He applied the Page 69 Test to his new book, Intern: A Doctors Initiation, and reported the following:
On pg 69 of my book, Intern: A Doctors Initiation, I'm sitting in a conference room in the intensive care unit among a large group of interns and residents, being grilled by a senior physician on the proper way to read chest X-rays. In medical school I'd been taught a systematic way of reading them, but I've forgotten it. The senior physician, obviously frustrated by the gaps in my knowledge, has just taken my finger and placed it on one of the serpentine shadows running across the screen of a digital workstation, demanding to know what I think it is. An acorn was pressing into the center of my brain, I write. My throat was tight and my mind had ground to a halt. If not for my seat back, I felt that I would fall backward.Read an excerpt from Intern and learn more about the author and his work at Sandeep Jauhar's website and blog.
Another doctor soon pulls up the next film, and someone else takes the hot seat. In the dark room, my face burns with embarrassment. I can't recall ever feeling so publicly humiliated, and on my first day in the ICU, too.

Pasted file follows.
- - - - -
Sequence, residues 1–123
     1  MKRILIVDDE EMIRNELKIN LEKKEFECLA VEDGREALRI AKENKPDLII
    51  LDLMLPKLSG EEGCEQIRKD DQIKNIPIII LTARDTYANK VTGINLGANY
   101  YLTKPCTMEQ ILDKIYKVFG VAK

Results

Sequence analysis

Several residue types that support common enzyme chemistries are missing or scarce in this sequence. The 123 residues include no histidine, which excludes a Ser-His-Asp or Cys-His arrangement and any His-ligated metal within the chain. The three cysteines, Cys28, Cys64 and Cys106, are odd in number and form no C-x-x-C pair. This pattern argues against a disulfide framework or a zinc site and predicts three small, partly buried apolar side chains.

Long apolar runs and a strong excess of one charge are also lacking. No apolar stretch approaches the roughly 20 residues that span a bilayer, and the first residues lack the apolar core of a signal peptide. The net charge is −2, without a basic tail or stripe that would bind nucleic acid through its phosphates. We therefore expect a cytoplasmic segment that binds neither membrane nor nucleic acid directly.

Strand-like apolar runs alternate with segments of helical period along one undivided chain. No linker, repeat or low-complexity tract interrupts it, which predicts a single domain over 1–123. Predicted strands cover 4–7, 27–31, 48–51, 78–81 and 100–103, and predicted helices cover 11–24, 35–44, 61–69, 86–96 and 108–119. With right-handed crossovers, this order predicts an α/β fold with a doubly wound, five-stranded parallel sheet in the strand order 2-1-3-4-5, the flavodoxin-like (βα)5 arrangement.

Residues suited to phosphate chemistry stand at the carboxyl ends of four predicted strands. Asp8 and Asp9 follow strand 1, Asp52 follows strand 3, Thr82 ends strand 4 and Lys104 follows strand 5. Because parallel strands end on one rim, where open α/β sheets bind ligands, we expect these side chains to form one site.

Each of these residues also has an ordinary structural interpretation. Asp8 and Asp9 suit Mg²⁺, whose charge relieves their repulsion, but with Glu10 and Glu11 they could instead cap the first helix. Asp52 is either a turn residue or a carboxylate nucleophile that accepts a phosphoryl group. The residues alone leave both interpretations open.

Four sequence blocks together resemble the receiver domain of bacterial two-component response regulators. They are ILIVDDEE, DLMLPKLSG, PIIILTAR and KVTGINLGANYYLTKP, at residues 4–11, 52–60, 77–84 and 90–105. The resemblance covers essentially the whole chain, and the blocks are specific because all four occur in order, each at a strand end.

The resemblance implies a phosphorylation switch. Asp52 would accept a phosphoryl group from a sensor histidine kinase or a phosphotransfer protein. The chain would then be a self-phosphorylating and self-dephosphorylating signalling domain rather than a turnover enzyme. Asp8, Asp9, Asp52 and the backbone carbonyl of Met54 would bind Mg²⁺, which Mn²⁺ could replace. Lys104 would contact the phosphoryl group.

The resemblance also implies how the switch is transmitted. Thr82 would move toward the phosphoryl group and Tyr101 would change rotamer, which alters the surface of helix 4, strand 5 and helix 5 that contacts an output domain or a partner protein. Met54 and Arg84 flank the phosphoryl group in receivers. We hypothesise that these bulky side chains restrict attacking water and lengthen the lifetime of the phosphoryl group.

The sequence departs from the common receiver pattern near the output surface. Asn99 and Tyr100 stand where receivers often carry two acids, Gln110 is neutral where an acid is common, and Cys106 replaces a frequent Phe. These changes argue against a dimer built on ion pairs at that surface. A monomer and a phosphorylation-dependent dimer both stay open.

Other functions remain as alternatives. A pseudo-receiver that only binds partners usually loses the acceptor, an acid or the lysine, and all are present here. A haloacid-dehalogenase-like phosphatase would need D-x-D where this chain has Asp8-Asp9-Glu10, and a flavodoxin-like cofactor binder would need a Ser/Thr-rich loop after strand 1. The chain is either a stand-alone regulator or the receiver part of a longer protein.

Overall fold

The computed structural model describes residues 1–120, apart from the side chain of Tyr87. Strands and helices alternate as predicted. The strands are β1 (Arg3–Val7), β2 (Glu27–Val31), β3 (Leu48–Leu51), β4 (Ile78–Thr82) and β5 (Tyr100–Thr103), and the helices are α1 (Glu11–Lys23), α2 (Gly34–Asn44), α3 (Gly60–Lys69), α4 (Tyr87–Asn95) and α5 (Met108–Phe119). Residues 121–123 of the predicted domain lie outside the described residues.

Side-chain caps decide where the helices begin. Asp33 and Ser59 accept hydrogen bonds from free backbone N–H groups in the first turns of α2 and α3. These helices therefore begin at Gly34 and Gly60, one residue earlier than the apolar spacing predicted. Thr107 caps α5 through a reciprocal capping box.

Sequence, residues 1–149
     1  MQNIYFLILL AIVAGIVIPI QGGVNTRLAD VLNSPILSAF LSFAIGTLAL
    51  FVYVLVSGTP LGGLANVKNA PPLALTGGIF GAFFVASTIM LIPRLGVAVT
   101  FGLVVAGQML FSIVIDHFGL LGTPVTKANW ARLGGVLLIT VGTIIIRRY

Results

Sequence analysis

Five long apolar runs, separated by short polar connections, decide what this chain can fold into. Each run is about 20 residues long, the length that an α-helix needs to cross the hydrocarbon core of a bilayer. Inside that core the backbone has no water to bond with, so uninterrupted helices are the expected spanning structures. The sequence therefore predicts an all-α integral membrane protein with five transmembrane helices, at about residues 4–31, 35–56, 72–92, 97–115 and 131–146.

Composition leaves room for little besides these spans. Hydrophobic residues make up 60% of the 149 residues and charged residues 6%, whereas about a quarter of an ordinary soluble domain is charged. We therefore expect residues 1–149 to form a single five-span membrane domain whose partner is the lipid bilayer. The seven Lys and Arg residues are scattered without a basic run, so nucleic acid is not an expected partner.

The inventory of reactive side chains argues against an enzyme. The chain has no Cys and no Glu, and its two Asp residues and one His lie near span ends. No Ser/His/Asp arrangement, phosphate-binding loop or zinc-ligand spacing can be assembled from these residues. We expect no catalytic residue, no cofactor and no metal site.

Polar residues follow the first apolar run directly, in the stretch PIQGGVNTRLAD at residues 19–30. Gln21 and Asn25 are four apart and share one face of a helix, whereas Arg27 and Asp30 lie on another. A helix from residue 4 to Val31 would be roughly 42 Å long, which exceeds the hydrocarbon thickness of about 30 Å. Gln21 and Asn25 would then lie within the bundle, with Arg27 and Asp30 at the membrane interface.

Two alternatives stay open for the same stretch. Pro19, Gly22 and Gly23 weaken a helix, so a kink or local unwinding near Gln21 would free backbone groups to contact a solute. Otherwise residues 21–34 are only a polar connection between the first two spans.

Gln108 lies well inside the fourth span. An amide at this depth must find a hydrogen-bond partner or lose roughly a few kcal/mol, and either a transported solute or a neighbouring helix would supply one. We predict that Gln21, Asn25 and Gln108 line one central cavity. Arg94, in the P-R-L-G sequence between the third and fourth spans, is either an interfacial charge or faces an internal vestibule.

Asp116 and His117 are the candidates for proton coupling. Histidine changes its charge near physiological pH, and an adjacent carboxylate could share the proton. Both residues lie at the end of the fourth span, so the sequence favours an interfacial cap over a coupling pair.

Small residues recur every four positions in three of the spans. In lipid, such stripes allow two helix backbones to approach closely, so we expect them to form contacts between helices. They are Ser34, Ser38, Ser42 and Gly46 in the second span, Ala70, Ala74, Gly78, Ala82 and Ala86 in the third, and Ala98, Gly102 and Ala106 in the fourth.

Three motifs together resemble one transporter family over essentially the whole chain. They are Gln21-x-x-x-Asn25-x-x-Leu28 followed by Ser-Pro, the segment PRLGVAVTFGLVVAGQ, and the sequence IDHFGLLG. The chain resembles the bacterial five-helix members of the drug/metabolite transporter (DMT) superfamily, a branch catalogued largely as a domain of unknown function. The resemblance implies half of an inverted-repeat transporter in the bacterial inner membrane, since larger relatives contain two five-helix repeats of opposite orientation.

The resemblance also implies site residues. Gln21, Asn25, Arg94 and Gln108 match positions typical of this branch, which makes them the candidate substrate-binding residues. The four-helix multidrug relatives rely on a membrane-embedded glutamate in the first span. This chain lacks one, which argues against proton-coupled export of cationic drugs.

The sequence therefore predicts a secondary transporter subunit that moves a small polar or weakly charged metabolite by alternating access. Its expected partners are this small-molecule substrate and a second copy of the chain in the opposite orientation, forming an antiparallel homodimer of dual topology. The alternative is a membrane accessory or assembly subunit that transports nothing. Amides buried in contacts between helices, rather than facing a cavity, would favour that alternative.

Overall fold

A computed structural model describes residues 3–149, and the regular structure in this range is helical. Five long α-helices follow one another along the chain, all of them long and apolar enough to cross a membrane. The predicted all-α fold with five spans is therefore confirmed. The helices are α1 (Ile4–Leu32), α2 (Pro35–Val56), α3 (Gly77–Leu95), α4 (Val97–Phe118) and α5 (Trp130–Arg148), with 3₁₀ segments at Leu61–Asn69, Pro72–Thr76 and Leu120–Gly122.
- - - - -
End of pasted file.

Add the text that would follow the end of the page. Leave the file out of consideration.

My older brother Rajiv, a cardiology fellow at the hospital, stops by the conference room later that morning. He asks me how rounds went. I tell him about the X-ray debacle. Don't take things so seriously, he says. That's why its a three-year program.
This page actually conveys a lot of the essence of my book, which describes the grueling, humiliating ordeal that is a medical internship. Internship is the most confusing, tumultuous year in a doctor's life, and I've tried to convey a sense of it through a history of my own apprenticeship at a prominent teaching hospital in New York City. The book is also about what it's like growing up an ambivalent youth unsure about what he wants to do with his life, in an intensely competitive, immigrant Indian family.
Visit the complete list of books in the Page 69 Test Series.